UCI-led study links prenatal exposure to stress with accelerated cell aging
Young adults whose mothers experienced psychological trauma during their pregnancies show signs of accelerated aging, a UC Irvine-led study found. The researchers discovered that this prenatal exposure to stress affected the development of chromosome regions that control cell aging processes.
Young adults whose mothers experienced psychological trauma during their pregnancies show signs of accelerated aging, a UC Irvine-led study found.
The researchers discovered that this prenatal exposure to stress affected the development of chromosome regions that control cell aging processes. The study results, which appear online this week in the Proceedings of the National Academy of Sciences, point to the importance of maternal health and well-being during pregnancy.
“Our previous research on prenatal stress exposure has shown its effects on long-term metabolic, immune, endocrine and cognitive function,” said the paper’s lead author, Dr. Pathik D. Wadhwa, UCI professor of psychiatry & human behavior, obstetrics & gynecology, pediatrics and epidemiology. “But this is the first to show the impact of prenatal stress on cell aging in humans, and it sheds light on an important biological pathway underlying the developmental origins of adult disease risk.”
Study participants were healthy 25-year-old women and men born to mothers who had, during pregnancy, experienced psychosocial stress in the form of major, traumatic life events, such as the death or sudden severe illness of an immediate family member. Blood tests revealed that subjects’ white blood cells had aged an average of three and a half more years — five among women — than those of individuals whose mothers had uneventful pregnancies.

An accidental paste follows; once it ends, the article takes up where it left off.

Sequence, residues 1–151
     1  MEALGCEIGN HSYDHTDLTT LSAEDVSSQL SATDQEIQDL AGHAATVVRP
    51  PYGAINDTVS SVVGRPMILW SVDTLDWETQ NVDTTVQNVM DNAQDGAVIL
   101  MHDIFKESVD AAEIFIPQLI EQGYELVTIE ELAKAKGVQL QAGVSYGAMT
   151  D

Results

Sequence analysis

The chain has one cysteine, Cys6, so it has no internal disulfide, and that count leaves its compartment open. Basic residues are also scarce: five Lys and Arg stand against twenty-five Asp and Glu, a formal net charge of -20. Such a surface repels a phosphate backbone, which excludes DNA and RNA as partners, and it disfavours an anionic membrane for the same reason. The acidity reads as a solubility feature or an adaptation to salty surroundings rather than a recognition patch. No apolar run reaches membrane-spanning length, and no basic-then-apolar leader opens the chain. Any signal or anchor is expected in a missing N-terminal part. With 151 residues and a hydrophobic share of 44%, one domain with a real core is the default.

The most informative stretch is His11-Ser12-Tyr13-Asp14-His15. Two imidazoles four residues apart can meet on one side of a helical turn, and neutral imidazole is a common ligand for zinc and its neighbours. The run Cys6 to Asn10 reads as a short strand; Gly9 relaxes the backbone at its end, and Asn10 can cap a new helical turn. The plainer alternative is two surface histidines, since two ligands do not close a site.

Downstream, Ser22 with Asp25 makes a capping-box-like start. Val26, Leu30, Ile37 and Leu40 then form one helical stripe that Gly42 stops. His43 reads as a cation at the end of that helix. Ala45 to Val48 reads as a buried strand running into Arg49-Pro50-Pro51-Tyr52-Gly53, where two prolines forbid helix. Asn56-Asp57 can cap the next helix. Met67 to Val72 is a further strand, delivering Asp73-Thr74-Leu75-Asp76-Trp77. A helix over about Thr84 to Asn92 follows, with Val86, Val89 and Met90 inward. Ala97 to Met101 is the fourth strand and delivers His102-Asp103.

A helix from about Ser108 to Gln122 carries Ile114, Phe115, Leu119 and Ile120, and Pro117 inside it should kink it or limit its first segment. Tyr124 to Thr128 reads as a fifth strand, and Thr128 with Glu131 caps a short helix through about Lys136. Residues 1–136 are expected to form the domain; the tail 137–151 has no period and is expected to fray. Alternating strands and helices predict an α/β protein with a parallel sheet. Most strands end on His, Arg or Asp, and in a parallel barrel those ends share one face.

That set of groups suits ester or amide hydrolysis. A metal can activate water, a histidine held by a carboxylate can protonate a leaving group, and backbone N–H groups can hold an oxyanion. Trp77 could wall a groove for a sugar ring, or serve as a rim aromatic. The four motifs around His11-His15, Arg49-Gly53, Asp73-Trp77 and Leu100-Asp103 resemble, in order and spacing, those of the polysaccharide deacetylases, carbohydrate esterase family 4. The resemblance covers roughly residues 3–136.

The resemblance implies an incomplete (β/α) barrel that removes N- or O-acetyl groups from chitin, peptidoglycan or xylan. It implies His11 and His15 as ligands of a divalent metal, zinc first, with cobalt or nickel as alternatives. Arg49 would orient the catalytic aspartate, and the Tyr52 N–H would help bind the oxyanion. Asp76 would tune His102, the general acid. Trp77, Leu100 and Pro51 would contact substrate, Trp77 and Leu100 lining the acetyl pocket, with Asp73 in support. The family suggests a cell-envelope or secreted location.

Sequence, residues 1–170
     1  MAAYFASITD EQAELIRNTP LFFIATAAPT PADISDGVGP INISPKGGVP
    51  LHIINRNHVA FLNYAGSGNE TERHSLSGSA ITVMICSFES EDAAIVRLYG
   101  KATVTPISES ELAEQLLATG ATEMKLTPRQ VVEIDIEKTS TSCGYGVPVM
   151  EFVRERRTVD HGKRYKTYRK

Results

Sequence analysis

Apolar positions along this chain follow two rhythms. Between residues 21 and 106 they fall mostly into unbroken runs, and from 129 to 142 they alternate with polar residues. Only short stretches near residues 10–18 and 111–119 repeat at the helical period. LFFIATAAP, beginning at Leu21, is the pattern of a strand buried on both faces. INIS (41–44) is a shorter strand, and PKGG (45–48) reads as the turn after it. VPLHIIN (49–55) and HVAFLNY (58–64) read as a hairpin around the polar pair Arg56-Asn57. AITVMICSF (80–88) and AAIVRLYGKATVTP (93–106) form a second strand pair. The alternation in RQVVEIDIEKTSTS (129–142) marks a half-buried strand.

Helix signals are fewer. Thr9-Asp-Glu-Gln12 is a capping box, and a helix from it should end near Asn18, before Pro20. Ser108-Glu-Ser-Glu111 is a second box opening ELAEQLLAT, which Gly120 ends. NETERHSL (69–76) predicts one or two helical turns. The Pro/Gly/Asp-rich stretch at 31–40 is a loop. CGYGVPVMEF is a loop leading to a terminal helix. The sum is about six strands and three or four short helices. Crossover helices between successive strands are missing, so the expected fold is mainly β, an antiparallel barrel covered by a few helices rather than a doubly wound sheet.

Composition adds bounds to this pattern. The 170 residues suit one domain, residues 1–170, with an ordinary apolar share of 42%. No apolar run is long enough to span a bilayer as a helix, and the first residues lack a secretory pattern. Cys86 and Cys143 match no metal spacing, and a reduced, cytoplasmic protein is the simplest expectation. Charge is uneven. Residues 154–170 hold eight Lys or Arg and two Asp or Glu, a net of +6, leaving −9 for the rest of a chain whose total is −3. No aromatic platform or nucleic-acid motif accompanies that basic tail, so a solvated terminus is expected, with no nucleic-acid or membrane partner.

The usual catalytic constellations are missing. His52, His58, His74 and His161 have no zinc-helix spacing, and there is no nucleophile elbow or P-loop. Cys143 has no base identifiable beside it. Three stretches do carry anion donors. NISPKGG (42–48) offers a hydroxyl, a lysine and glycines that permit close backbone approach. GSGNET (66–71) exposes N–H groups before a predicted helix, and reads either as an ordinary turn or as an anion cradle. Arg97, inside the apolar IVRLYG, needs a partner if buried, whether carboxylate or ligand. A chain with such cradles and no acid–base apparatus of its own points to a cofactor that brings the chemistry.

This hastened aging was evidenced by the shortened length of telomeres, repetitive stretches of DNA-protein complexes that cap and protect the ends of chromosomes. Telomeres maintain chromosomal stability and control the processes that underlie cellular aging by functioning as a “clock” that regulates how many times a cell can divide. The shorter the telomere strands, the faster the cell ages.
The telomere maintenance system plays an important role in human disease and longevity, and scientists now know that telomere length is correlated to the risk of disease and premature mortality in humans. Truncated telomeres — such as those found in the white blood cells of study participants — can, for example, be a precursor to diabetes, cancer and coronary heart disease.
“These results indicate that stress exposure in intrauterine life is a significant predictor of adult telomere length — even after accounting for other established prenatal and postnatal influences on telomere length,” said Sonja Entringer, UCI assistant professor of pediatrics and first author on the paper.
A rapidly emerging body of human and animal research indicates that intrauterine conditions play an important role not only in all aspects of fetal development and health across gestation and birth, but also in a wide range of physical and mental health outcomes over an individual’s entire lifespan.
Elizabeth H. Blackburn, Elissa S. Epel and Jue Lin of UC San Francisco and German researchers Robert Kumsta, Dirk H. Hellhammer and Stefan Wust contributed to the study, which was supported by the National Institutes of Health and the Barney & Barbro Fund. Blackburn, an internationally renowned expert in telomere biology, shared the 2009 Nobel Prize in physiology or medicine for her seminal discoveries in the field.
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